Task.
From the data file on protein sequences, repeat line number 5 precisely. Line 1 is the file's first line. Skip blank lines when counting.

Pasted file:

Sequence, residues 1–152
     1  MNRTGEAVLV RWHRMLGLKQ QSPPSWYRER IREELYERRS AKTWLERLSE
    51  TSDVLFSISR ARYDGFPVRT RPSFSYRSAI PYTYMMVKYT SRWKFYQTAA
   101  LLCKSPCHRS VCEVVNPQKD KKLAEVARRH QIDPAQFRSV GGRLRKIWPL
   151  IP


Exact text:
   151  IP